One of the many changes in the publishing landscape that digital has wrought is the ability of writers to completely bypass the traditional dealing involved with seeing their words find a wide audience:
In 2011, self-publishing is thought to have drained roughly $100 million in revenue from the traditional trade publishing business — a drop in the bucket for the $14 billion business. In 2012, that number is thought to have doubled. With the increasing success of self-published authors in hitting best-seller lists, the number should continue to go up.Publishers are not only contending with increased competition for readers’ attention, they are finding now more than ever that they need to work to attract new authors and retain established ones. It used to be that the best authors would be able to choose between competing publishing houses. Today, every author has yet another option: Do it themselves.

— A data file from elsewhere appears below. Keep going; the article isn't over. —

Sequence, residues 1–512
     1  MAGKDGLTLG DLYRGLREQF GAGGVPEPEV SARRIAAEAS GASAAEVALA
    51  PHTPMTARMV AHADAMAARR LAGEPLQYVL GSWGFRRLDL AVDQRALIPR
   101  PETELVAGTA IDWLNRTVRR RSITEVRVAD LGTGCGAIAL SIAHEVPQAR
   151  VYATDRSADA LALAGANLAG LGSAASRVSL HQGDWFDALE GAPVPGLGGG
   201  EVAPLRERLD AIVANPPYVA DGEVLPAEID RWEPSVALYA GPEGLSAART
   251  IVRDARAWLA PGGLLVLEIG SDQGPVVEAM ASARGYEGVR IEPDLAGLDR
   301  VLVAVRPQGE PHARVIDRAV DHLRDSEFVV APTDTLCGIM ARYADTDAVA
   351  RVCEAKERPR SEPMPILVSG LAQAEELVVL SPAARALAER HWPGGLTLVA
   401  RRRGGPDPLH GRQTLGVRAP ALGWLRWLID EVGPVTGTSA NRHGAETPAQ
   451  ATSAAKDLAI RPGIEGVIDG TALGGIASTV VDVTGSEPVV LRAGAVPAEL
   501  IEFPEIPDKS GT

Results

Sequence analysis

It’s dealing with this New Reality that’s actually hard-wired into Leather Penguin Publishing’s business plan. Sure, we’ll print your book. Hell, we’ll unleash the design team and make it look like whatever you wish….
But we will not let it out in the wild under our imprint unless the text looks effortless.
Many–most–self publishers release work that lacks any editorial constraint; it lacks the firm hand an outside observer (ie:editor) can provide. It’s a bane to the author, who, usually, doesn’t even see it.
Here’s how it works: You write it; We fix it, then we publish it. Everyone goes home happy.
- Punished for Self Publishing? (jadereyner.com)
- How Do Literary Agents Fit Into The New Book Publishing Ecosystem? (forbes.com)